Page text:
L.A. is deliberately capping the number of shops and grow facilities that it will license, based on population and location. Officials calculate that fewer than 400 actual pot shops will be permitted, along with around 340 growers and 520 manufacturers.

    Why do these local governments do this?!! It's enraging.

  • BestUsedCarSales||

    Probably because the medical shops that already existed and transitioned to open sales petitioned to keep out new shops and growers to come in. This is done to prevent competition that lowers the overall price and profit of the weed itself.

    It's rentseeking same as it ever was. Something completely predictable sadly. This is why only fully unregulated sales will lead to actual free markets.

  • ||

    It seems to be going all different directions depending on the area.

    Some dispensaries are being allowed to simply transition into being vendors, while others are being elbowed out. Some areas seem to be eager to get this going, some (like San Jose) are circling the wagons to keep it out.

    Even in my area, where people openly smoke pot on their stoops, others complain about the "smoke shops" (there's actually only one) and the "bad element" they attract.

    The politics + the economics (i.e. cronyism) are very, very tangled.

  • sarcasmic||

    Even in my area, where people openly smoke pot on their stoops, others complain about the "smoke shops" (there's actually only one) and the "bad element" they attract.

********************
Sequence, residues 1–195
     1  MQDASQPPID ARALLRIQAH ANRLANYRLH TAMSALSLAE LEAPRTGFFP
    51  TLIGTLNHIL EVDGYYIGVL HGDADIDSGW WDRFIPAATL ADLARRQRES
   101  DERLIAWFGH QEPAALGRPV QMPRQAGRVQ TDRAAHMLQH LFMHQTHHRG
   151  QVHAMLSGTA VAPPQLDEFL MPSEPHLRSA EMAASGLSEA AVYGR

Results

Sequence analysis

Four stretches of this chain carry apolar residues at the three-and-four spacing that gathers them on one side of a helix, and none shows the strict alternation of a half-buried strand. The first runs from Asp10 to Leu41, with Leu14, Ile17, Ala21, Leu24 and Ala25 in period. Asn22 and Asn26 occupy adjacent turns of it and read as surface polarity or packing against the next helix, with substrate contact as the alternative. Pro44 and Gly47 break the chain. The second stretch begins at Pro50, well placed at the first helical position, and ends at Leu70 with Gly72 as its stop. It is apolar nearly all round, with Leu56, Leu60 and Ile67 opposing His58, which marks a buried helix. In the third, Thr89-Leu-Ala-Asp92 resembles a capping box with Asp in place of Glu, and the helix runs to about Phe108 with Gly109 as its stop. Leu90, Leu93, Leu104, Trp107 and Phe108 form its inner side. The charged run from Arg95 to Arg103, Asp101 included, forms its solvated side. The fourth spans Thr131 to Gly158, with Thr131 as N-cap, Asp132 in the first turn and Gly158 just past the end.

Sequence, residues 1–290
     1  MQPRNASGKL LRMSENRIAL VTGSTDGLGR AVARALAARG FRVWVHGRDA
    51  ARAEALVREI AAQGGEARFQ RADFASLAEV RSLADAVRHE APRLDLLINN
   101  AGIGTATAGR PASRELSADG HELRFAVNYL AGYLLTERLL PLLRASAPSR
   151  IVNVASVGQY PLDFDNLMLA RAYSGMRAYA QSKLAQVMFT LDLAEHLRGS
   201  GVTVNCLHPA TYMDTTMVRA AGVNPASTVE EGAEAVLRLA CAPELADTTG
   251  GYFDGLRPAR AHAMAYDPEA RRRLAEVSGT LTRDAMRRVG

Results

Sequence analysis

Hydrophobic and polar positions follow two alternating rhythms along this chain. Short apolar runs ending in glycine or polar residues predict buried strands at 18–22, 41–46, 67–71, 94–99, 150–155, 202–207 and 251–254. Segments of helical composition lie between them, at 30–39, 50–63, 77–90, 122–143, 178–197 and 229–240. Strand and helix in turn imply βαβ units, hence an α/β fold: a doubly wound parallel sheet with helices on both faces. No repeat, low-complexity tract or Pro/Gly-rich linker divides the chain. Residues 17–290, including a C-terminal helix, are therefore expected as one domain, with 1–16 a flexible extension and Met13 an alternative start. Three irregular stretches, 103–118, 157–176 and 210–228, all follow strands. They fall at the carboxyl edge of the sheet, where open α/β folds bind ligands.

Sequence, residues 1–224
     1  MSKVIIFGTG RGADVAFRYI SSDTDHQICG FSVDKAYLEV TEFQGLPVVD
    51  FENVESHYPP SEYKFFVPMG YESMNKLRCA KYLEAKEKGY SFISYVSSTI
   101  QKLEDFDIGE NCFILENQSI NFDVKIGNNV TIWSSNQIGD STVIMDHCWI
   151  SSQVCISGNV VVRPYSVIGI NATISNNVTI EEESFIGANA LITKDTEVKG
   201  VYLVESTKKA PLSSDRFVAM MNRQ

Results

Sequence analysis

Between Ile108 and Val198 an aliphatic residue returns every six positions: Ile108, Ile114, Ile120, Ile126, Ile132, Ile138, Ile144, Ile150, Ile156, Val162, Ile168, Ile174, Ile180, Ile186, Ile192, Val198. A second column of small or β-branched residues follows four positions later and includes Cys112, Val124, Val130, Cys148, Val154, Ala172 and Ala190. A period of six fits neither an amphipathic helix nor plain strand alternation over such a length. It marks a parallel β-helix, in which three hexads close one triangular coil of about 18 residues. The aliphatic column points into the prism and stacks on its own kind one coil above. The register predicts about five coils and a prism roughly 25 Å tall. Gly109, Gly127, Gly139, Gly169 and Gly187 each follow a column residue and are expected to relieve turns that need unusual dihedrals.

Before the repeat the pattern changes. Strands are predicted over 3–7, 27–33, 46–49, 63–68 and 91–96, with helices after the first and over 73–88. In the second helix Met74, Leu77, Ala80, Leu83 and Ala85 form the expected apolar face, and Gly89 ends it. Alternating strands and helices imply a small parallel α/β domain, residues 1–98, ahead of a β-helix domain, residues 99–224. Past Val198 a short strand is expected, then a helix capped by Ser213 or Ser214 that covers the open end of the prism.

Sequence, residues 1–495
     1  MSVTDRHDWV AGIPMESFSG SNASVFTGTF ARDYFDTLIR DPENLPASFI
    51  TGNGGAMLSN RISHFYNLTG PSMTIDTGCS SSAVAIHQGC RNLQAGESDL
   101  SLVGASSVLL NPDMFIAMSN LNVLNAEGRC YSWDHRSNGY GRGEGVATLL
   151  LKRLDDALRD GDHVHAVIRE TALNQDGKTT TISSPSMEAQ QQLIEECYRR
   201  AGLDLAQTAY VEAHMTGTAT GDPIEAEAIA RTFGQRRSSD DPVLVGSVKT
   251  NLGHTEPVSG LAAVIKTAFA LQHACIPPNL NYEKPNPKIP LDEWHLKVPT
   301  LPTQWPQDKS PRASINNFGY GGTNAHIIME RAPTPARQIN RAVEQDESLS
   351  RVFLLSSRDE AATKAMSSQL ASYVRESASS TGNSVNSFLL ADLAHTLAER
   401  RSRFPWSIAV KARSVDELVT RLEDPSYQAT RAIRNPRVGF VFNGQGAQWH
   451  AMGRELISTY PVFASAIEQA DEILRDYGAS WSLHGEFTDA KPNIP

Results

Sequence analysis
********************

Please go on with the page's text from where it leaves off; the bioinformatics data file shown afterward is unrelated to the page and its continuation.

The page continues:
Temperance never dies.

  • Half-Virtue, Half-Vice||

    Does it ever shut up and mind it's own fucking business?

  • Diane Reynolds (Paul.)||

  • Half-Virtue, Half-Vice||

    so I'm not holding my breath.

    That's right, breath deep my man.

  • Sevo||

    (looking down, finger tips to forehead)
    I'm seeing......
    a continued black market in weed for cheaper prices.

  • Elias Fakaname||

    Good.

  • Hugh Akston||

    The Los Angeles Times reports that the city expects legal pot to generate $50 million in tax revenue in just its first year. (That sounds like a huge pile of cash, but it's nothing compared to the $1 billion the city spends annually on pensions and health care for retired city employees. The infusion of marijuana money is not going to solve L.A.'s spending problems.)

    Never change, Shackford.

  • Scott S.||

    Where else but at Reason will you find somebody contextualizing marijuana tax revenue in terms of skyrocketing pension commitments? Where, I ask you?

  • Diane Reynolds (Paul.)||

    It's ok. They associate skepticism over bike lanes with White Privilege where I live.

  • EscherEnigma||

    Eh, still better then the alternative. The alternative being "continued prohibition".

  • CE||

    Protection racket's gotta protect.

  • Eman||

    come on, how do you legalize something without licensing it? we cant have just anyone selling people marijuana. seriously though, an actual free market for marijuana and accessories would be a slippery slope to legalized heroin, like once people see the quality and safetey increase and

  • Eman||

    and price plummet some smartass mght start thinking it wouldnt be a bad model for how to treat more demonized drugs.

  • Elias Fakaname||

    All joking aside, I think the prescription opiate market is the one that correlates to heroin and various other hard drugs, not pot.

  • Robert||

    the city will also implement a "social equity" program to give some "priority processing" for people who qualify on the basis of being poor, or having previously been convicted of misdemeanor marijuana crimes,


    Hilarious considering the states that specifically prohibit such operators!

  • Social bookmarking||

    Yeah, come on, how do you legalize something without licensing it?